Walking dogs is a great way to get exercise while appreciating the frozen terrain. However, it's important for dog owners to pay attention to common wintertime hazards.
Extreme cold is a noticeable risk to keep in mind when walking dogs, but there are less obvious dangers to keep in mind as well. Cold-weather chemicals can find their way onto dog's paws, and pet owners must watch for signs of dehydration and frostbite.
Here are five easy ways to keep your pet happy, healthy, and safe on every dog walk this winter.
1. Look for Signs of Exposure Smaller breeds with less fur are more susceptible to cold weather, but the AAHA recommends that all pet owners look for the following signs of exposure while walking dogs in cold temperatures:
If you notice any of these signs, return indoors immediately. As a general rule, it's good practice to remember that if you're cold, your dog is too!
2. Always Use a Leash According to the APDT, more dogs are lost in the winter than in any other season. Use a leash when walking a dog in the winter as unleashed dogs may run onto semi-frozen lakes or ponds.
3. Keep Your Dog Hydrated Dogs are just as likely to get dehydrated in the winter as they are in the summer, according to the AKC. Be sure to provide plenty of fresh water before and after walking a dog walk during the winter season. Keep in mind that snow is not a suitable alternative to fresh water.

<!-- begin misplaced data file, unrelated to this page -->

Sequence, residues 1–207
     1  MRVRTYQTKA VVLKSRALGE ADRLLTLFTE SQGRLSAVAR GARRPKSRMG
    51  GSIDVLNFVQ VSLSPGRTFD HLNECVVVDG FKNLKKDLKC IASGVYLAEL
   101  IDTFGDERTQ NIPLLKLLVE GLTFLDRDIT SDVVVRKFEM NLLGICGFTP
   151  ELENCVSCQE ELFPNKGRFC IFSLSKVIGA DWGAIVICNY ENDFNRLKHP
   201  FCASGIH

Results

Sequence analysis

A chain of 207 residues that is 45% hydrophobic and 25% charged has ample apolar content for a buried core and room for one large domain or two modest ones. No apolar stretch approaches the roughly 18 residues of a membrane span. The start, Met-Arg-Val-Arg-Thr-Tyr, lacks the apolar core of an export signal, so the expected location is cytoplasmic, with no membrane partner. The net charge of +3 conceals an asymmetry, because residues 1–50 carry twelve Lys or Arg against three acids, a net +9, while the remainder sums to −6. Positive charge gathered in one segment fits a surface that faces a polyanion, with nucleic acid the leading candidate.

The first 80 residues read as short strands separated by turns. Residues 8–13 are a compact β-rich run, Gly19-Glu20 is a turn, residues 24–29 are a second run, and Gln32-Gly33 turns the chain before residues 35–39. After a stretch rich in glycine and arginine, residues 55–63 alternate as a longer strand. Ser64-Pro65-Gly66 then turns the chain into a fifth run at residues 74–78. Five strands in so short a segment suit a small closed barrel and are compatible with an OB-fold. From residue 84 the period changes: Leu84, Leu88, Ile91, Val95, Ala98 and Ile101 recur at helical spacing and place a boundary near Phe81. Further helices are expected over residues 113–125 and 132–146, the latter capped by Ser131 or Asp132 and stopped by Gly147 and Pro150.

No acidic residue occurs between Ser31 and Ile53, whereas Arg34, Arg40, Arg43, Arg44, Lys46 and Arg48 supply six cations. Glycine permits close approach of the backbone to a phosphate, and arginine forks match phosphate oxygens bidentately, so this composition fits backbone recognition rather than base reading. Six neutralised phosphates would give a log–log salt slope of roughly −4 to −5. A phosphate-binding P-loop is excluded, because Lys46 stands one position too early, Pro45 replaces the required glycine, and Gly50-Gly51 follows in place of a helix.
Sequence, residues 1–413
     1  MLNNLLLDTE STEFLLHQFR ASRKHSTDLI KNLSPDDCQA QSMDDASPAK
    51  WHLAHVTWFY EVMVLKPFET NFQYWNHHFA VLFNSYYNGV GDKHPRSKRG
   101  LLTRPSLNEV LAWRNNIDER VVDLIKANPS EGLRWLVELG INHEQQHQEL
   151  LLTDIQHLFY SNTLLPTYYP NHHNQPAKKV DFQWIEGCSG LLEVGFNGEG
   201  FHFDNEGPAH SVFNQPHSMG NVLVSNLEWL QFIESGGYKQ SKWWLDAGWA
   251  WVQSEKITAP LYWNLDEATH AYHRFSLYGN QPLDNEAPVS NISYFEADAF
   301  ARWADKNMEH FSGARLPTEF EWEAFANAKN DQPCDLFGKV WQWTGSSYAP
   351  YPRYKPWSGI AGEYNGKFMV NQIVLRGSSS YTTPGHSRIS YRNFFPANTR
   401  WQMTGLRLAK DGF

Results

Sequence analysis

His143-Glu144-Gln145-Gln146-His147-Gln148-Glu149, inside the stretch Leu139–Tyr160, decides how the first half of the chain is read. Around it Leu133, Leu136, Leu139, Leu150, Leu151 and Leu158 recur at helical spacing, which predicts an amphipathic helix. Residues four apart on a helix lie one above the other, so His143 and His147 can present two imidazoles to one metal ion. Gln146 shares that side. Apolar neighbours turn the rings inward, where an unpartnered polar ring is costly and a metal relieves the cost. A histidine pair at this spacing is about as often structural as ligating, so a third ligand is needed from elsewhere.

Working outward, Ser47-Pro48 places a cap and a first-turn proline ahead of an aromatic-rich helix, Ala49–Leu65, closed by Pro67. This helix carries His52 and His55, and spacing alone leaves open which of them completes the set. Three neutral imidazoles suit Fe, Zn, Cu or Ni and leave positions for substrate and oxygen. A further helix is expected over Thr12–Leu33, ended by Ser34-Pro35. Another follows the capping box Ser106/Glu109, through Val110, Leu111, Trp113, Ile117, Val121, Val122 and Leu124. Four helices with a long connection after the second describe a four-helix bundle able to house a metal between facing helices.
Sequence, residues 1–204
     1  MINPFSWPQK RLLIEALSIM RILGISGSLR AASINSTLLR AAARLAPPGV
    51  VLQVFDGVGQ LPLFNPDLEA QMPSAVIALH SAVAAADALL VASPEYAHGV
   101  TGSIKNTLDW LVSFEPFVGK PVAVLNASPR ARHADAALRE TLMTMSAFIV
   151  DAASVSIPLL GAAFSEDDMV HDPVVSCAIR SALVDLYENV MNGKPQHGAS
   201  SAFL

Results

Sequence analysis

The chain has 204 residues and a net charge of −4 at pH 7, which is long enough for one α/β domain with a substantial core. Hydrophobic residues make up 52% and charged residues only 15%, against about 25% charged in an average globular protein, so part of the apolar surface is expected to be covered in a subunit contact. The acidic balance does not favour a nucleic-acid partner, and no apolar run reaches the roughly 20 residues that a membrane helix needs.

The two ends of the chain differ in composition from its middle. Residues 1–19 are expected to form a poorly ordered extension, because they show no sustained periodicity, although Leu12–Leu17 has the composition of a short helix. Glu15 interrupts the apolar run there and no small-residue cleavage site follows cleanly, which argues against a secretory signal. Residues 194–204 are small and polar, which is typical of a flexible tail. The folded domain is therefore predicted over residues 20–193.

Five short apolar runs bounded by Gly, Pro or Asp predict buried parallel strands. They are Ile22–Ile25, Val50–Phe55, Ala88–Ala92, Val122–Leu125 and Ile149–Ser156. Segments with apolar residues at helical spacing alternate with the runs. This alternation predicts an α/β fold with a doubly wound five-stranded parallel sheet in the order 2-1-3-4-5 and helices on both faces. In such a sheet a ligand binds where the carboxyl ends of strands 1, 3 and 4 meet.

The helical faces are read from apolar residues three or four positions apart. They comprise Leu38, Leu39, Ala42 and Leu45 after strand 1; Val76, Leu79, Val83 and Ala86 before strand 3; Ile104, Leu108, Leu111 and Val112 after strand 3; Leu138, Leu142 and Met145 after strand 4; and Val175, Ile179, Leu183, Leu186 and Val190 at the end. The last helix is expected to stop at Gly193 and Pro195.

4. Be Aware of Chemicals Sidewalks and driveways are frequently topped with chemicals like antifreeze and ice melters throughout the winter. These chemicals can get onto dogs' feet and cause abrasions. Dogs may also lick chemicals off their feet, resulting in stomach problems.
Consider dressing your dog in booties when going on a walk. If your dog will not wear booties, use a warm cloth to wipe their paws immediately after you return from a walk. ASPCA also suggests Musher's Secret as an alternative to booties. The waxy substance can be applied to your dog's paws and will protect toes and paw pads outdoors.
5. Check for Frostbite A dog's footpads, nose, ear tips, and tail are at the highest risk for frostbite during the winter, according to PetMD. After each walk, check these points on your dog for frostbite. Frostbitten skin will stay pale and cold -- even after being inside. The skin may also swell and turn red. Always consult a veterinarian if you believe your dog has frostbite.
Preparing for these common cold-weather hazards can help you create a safe and pleasant walk for your pup, even as the temperatures drop.